The Chicago Bears lost their quarterback on Sunday against the Minnesota Vikings, but they gained so much more, riding an epic defensive performance headlined (again) by Khalil Mack, not to mention some calm guidance from backup signal-caller Chase Daniel, to a 16-6 rout of their NFC North rivals.
Mitchell Trubisky was forced out of action after suffering a shoulder injury on the Bears' first offensive series of the game, but Daniel's entrance didn't exactly help the Vikings, prompting coach Matt Nagy to dial up methodical drives, chew up clock and sit back as Mack and a banged-up but brutally dominant Bears "D" halted Kirk Cousins, Dalvin Cook and Adam Thielen for all but a few minutes of Sunday's divisional showdown.
Let's take a deeper dive into how the Bears ran away with things at Soldier Field:
Why the Bears won
Daniel was admirably calm, collected and confident upon relieving Trubisky, and while he slipped into the shadows with an only mildly effective conservative approach as the game wore on, you can't really ask for a better backup line than 22-of-30 for 195 yards, one touchdown and zero turnovers. Even more than his performance running the Bears offense, which also got momentum from a crisp Allen Robinson outing, the Bears' defense fueled this win. Fueled, in fact, is an understatement. Cook came in as one of the NFL's most explosive playmakers of 2019, and Chicago absolutely stood him up, holding him to 35 yards on 14 carries. The Bears also got after Cousins early and often, logging six sacks, limiting Thielen to six yards and just generally owning Sunday with their swagger -- all without key starters Akiem Hicks and Roquan Smith. They never led by more than two scores, and yet the entire game felt as if it were out of reach for the Vikings.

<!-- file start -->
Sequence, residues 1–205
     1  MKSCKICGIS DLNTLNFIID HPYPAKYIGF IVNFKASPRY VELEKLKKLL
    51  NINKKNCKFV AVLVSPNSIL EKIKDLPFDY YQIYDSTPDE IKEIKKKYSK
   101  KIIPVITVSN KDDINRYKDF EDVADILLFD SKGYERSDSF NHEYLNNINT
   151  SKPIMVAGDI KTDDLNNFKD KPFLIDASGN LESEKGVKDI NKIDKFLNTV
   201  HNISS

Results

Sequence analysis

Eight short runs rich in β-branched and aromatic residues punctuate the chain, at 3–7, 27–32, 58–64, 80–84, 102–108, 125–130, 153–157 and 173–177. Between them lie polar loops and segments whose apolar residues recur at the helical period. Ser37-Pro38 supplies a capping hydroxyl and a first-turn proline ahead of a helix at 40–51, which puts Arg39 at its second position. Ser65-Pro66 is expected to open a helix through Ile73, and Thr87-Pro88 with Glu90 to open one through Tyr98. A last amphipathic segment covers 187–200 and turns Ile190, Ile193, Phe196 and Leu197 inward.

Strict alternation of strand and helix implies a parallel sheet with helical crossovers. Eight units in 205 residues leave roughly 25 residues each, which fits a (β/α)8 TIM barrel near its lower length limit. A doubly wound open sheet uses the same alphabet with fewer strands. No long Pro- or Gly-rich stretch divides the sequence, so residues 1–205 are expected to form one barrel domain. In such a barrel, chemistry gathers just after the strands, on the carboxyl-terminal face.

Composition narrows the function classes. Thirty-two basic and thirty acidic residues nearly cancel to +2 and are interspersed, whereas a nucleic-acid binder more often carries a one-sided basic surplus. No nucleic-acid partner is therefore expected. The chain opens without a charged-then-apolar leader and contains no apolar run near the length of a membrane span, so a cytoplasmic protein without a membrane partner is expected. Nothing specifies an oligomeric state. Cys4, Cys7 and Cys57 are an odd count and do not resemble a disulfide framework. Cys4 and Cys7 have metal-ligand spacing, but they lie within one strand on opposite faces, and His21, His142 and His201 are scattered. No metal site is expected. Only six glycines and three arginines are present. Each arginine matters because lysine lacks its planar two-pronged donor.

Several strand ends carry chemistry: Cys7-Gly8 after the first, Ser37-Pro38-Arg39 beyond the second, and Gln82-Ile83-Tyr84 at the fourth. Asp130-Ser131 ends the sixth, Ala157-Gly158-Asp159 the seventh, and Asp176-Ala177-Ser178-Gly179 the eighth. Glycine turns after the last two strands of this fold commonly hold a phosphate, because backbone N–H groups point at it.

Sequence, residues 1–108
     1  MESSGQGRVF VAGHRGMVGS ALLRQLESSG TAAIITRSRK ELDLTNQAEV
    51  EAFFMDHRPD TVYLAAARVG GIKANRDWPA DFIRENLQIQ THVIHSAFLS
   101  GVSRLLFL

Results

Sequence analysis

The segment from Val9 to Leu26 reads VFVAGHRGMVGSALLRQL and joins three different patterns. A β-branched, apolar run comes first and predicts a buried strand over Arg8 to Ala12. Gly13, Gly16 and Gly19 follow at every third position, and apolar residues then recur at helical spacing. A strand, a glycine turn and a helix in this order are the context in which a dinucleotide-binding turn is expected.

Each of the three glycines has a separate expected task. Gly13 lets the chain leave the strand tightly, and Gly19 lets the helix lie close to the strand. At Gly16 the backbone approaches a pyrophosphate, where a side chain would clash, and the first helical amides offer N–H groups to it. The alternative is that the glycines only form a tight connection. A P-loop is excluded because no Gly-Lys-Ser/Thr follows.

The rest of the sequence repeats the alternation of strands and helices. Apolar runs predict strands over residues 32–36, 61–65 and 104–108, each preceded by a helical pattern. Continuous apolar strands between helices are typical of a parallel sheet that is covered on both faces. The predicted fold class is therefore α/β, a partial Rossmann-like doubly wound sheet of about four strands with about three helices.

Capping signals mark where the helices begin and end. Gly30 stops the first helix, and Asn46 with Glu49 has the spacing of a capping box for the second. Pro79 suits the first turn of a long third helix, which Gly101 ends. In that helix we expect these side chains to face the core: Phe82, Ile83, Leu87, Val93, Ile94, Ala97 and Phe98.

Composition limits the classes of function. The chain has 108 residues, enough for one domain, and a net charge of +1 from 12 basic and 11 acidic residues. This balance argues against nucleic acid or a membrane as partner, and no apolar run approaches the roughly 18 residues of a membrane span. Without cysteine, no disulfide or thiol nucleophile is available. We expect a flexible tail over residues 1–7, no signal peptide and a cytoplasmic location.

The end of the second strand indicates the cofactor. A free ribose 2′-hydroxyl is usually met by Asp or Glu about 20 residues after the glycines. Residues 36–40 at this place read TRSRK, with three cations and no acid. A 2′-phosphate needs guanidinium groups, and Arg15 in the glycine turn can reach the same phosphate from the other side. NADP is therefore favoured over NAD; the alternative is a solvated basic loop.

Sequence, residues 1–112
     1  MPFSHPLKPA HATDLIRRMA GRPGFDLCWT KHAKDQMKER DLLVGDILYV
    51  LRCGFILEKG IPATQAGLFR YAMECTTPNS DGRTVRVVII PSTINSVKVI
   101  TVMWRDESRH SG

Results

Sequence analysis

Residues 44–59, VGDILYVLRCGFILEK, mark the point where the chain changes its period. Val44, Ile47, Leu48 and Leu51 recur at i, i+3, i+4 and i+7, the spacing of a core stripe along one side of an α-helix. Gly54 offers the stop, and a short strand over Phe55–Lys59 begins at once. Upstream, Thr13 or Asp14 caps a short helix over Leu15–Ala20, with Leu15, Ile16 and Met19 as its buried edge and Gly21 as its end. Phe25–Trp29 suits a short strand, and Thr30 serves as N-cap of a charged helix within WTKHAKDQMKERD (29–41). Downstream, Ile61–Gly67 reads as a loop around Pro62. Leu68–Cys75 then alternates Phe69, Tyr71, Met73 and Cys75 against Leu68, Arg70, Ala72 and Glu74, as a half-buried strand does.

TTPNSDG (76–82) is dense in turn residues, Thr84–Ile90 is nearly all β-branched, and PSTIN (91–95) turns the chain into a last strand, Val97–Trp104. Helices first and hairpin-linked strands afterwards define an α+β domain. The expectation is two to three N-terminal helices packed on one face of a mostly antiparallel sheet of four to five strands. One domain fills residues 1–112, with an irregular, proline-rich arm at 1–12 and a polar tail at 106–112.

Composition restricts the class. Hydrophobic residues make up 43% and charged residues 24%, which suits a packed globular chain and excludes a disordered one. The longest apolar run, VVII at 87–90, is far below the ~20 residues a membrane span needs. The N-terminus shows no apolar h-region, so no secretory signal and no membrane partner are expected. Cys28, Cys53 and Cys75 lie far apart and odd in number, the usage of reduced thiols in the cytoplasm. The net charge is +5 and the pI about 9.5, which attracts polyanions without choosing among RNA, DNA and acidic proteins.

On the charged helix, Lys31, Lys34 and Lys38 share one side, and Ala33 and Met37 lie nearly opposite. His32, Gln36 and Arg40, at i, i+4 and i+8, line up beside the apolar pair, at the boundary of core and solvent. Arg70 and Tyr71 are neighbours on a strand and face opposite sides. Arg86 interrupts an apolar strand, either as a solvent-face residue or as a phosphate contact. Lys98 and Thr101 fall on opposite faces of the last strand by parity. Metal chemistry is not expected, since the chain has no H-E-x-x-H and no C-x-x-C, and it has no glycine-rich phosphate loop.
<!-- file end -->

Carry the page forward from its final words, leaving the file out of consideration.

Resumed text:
Why the Vikings lost
They came in with a defense just as touted as the Bears', and yet they couldn't do much in pass coverage early on, allowing Daniel to establish a rhythm and eat up clock as Chicago took a multiple-score lead. To pin this loss mostly on Minnesota's secondary, however, would be missing the larger, uglier point: Cousins is increasingly not looking like the type of quarterback that's worth $28 million per year, let alone one capable of lifting the Vikes into serious playoff contention. Make no mistake: It would help if he had even a semblance of an offensive line in front of him (blame the front office for that one, not to mention the big-money prioritization of receiving weapons in an offensive system built to run and play from ahead), but still, Cousins is prone to fumbling like Tom Brady is prone to winning rings. He finished with 233 passing yards Sunday, but most of those yards came long after Chicago had already put its footprint on the Vikings' soul.
The Bears were up 10-0 entering the second half, and the Vikings got the ball to open the third quarter -- with a chance to show off any halftime adjustments they made and put a swift dent into their rivals' lead. Chicago had other plans. On the very first play of Minnesota's drive, Mack came right off the edge -- as we all knew he would -- and pulled out his signature move, a strip-sack of Cousins that gifted the Bears a red-zone opportunity and set up a field goal to put Chicago up 13-0 with all the momentum.
Play of the game
The turning point isn't always the play of the game, but in the case of Sunday's affair, it most definitely was. Watching Mack rush the passer is, well, as close to actual art as you'll get on a football field. And his dip move to duck under Riley Reiff and pop the ball from Cousins' hand is worth a few repeat views -- especially if you're trying to learn how to sack quarterbacks.
"He didn't look too comfortable."
Simple but serious remarks from Mike Zimmer after the game regarding Cousins. Elaborating on his quarterback's performance, the coach told reporters he had a meeting earlier in the week about the Vikings doing a better job of protecting the ball in the pocket -- and that Cousins struggled to do that job against Chicago. Asked why Cousins seems to struggle more in big games against either rivals or potential playoff teams, Zimmer was again somewhat stern.
"I don't know," he said. "You'd have to ask him."
The Bears (3-1) will hit the road in Week 5 for an afternoon matchup with the Oakland Raiders (2-2) on Sunday, Oct. 6. The Vikings (2-2) will play their own road matchup at the same time against the New York Giants (2-2), who are fresh off two straight wins under rookie quarterback Daniel Jones.
Relive the entire Bears-Vikings battle below.
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